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Scottish National Dictionary (1700–)

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First published 1960 (SND Vol. V).

HARRAGE, HARRIAGE, n. Also harradge; hareadge. A variant of Arage, q.v., a feudal service of an uncertain nature, due from a tenant to a landlord. Gen. found in phr. harr(i)age and carriage. See also Carriage.Abd. 1714 Monymusk Papers (S.H.S.) 19:
Three goose, six cappons . . . with hareadge and cariadge and service to the heritor's croft.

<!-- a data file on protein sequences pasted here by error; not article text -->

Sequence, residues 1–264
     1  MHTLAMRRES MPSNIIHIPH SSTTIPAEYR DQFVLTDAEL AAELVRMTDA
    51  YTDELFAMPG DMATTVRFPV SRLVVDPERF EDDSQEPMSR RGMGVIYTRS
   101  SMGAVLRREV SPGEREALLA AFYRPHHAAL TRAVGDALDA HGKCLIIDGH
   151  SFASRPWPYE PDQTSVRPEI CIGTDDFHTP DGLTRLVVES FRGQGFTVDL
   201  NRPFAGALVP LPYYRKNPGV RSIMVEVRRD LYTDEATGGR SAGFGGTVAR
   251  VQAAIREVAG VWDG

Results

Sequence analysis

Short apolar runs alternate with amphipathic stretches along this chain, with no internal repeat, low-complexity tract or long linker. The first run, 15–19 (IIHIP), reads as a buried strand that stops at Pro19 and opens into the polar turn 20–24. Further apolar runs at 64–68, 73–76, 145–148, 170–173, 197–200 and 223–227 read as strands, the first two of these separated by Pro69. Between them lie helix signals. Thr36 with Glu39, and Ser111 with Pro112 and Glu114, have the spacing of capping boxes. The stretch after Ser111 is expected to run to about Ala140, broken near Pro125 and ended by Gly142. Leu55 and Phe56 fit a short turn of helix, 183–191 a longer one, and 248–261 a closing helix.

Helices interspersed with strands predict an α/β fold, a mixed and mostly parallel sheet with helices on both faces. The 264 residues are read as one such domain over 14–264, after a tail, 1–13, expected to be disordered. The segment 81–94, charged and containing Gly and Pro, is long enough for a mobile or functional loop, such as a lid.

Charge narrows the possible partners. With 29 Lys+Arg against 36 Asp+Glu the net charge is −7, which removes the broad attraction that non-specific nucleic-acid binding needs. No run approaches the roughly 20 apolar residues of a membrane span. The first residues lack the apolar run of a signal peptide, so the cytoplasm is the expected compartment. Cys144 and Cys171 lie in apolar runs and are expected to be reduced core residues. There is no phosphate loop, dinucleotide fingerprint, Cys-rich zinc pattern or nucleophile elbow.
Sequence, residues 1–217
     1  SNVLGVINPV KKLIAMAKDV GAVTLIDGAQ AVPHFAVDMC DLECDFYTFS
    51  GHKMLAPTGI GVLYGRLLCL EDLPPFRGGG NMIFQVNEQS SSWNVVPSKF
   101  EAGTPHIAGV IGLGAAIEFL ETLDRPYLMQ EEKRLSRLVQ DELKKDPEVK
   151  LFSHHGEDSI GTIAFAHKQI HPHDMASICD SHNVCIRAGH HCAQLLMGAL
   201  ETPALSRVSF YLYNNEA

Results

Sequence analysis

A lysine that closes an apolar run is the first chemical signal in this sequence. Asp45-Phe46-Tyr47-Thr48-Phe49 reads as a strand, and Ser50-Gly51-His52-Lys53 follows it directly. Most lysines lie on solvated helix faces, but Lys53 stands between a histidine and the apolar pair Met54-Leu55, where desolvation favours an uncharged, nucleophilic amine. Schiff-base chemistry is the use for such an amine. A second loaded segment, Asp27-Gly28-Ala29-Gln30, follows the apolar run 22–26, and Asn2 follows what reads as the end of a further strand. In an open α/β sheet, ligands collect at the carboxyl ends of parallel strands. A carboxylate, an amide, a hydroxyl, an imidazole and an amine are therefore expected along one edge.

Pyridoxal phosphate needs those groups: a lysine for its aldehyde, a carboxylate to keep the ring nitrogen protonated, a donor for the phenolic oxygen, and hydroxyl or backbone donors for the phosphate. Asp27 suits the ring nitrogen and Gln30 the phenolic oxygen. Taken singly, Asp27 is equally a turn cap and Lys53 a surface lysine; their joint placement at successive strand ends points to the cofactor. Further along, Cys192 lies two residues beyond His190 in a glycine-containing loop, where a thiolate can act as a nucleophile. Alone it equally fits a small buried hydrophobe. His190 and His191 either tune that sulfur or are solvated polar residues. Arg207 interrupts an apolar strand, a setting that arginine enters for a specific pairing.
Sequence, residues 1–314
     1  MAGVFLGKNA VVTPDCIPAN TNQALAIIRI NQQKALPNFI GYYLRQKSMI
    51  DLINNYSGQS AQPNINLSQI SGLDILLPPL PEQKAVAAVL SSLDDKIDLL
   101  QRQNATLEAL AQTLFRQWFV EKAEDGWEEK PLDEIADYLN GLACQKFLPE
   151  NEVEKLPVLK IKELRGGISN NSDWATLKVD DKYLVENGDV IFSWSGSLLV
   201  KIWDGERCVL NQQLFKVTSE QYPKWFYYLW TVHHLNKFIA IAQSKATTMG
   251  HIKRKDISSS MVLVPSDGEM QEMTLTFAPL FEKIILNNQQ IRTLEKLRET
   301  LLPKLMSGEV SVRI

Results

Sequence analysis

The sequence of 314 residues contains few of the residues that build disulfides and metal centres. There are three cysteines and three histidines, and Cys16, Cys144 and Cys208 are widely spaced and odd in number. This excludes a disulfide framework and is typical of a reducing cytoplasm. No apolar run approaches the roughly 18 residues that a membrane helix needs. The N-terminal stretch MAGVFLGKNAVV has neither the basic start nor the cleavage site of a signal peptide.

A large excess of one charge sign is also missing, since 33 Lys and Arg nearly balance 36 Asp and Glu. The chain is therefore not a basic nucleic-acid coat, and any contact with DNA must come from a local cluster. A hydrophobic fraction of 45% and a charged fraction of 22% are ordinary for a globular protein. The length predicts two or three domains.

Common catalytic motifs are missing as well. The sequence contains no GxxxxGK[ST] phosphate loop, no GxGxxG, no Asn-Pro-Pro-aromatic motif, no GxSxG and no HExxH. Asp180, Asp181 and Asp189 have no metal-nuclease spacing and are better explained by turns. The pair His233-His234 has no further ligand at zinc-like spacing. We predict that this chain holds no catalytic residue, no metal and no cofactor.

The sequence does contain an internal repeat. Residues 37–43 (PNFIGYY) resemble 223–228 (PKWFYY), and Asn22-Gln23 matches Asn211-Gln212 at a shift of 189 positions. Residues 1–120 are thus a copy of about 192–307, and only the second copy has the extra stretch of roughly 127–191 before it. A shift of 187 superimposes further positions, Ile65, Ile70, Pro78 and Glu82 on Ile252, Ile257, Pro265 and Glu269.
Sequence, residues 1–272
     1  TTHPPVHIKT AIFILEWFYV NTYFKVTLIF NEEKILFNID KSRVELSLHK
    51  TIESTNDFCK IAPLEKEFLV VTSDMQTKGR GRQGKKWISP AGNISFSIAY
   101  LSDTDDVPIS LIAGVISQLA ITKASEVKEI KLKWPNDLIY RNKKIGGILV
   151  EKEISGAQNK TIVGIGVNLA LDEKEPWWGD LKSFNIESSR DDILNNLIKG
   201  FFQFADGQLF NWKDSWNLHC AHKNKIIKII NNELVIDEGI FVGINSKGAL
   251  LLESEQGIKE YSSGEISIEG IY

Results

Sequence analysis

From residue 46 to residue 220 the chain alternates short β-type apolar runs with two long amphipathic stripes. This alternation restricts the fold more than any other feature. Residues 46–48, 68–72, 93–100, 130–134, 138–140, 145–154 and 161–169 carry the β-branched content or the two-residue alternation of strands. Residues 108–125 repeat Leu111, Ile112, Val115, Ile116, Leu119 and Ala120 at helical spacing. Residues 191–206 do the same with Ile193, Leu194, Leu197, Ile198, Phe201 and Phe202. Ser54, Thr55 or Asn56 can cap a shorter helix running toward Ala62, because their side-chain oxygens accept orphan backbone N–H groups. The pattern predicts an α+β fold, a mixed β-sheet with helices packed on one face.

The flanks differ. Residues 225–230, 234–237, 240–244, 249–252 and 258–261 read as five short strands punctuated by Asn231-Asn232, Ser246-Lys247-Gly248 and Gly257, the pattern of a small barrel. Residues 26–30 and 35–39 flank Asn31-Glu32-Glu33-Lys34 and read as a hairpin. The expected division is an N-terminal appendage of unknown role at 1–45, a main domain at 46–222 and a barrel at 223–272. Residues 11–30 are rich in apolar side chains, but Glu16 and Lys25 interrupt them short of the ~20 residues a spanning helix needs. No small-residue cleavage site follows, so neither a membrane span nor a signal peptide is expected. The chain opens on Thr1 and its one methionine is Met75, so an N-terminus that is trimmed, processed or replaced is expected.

Sc. 1762 Faculty Decis. III. 174:
It is an agreed point, that a vassal may still be obliged to perform harriage and carriage.
Per. c.1770 Stat. Acc.1 XV. 605:
These services were emphatically stiled bondage, particularly the manual labour at peats, hay, and harvest; working with a horse was called carriage; and these two species of labour, were, in the old tack, distinguished by the names of harrage and carrage.

[O.Sc. hareage, id., from c.1480.]

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"Harrage n.". Dictionary of the Scots Language. 2004. Scottish Language Dictionaries Ltd. Accessed 7 Oct 2022 <>



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